Saudi exports surged in October on the back of higher oil prices, which hit a 2021 peak during that month.
Saudi Arabia exported goods and commodities worth a total $28 billion in October, according to the Kingdom’s General Authority for Statistics, as cited by Bloomberg. Crude oil accounted for 77.6 percent of total exports in that month, up from 66.1 percent a year earlier. The value of total exports was almost double that for October 2020.
The value of oil exports alone was 123 percent higher in October 2021 from a year ago, the statistics authority also said, while the value of non-oil exports rose by 25.5 percent.
One of the world’s top oil exporters has reaped the full benefits of recovering demand for oil this year, upping both its exports and selling prices, despite lingering worries about the pandemic.
Even as the latest coronavirus variant caused fears of new lockdowns and other restrictions, Saudi Arabia raised its official selling prices for oil for Asian buyers and by a hefty $0.60 per barrel.
The decision to hike prices demonstrates confidence that demand for oil will remain robust despite the pandemic. The confidence was also highlighted earlier this month when OPEC+ decided to add another 400,000 bpd to combined production in January despite the U.S. administration’s decision to release up to 50 million barrels of crude in a bid to lower retail fuel prices.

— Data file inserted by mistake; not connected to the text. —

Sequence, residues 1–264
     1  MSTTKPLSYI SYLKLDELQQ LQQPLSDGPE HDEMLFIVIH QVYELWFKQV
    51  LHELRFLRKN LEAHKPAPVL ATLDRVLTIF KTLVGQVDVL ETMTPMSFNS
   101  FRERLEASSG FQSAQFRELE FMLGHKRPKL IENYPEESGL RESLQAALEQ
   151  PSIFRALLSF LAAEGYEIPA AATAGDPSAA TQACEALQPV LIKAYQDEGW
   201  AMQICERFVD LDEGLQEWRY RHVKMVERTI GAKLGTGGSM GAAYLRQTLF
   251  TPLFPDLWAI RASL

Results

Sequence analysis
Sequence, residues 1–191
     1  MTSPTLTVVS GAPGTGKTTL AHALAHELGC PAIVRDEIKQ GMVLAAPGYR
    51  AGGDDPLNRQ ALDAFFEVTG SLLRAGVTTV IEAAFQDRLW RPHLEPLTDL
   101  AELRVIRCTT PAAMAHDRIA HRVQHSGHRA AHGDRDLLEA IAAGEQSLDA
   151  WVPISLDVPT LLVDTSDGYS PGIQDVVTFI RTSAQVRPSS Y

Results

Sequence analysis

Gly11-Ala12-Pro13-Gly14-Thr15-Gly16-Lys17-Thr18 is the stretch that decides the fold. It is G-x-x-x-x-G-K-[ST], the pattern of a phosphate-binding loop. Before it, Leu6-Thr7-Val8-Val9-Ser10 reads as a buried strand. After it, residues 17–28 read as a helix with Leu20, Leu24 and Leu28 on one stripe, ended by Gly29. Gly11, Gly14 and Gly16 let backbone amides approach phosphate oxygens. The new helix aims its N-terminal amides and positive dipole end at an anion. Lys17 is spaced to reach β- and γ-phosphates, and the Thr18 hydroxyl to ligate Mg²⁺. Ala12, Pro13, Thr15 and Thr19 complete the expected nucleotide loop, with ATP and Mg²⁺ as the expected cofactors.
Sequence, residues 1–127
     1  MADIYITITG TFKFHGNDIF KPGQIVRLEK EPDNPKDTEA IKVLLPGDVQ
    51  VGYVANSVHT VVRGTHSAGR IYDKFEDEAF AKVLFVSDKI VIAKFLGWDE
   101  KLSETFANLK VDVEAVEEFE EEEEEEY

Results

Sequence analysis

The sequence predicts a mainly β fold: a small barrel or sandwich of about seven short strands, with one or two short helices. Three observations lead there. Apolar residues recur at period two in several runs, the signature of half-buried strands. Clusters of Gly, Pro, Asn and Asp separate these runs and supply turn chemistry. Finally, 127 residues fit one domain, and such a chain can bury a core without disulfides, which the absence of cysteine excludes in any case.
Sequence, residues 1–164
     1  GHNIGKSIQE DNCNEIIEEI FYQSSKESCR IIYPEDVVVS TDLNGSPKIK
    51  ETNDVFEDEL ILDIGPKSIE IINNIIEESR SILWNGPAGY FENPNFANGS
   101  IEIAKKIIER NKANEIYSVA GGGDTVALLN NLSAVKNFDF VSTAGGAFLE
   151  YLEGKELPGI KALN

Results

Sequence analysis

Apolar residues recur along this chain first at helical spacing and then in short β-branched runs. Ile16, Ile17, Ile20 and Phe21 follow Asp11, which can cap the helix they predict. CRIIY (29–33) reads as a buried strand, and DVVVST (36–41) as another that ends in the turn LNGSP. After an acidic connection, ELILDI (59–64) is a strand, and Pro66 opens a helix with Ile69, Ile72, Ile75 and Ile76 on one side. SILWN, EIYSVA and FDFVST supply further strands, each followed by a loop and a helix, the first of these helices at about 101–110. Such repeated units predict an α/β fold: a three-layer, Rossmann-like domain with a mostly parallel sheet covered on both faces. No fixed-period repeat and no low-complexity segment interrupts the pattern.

Thanks to higher oil prices, the Kingdom’s Finane Minister said earlier this month it expected to book its first budget surplus in a decade next year. Despite the contribution of oil to this forecast performance of the Saudi economy, the Kingdom will remain on its diversification course, Al-Jadaan also said, and it will also remain disciplined about public spending.
For this year, the ministry of finance expects GDP growth of 2.9 percent, to rise to 7.4 percent in 2022.
By Irina Slav for Oilprice.com
More Top Reads From Oilprice.com:
- Saudi Arabia Doubles Down On Asian Demand
- Big Money Is Eyeing Metals Over Oil As Mining Assets Soar
- Southeast Asia’s Oil And Gas Output May Never Recover To Pre-COVID Levels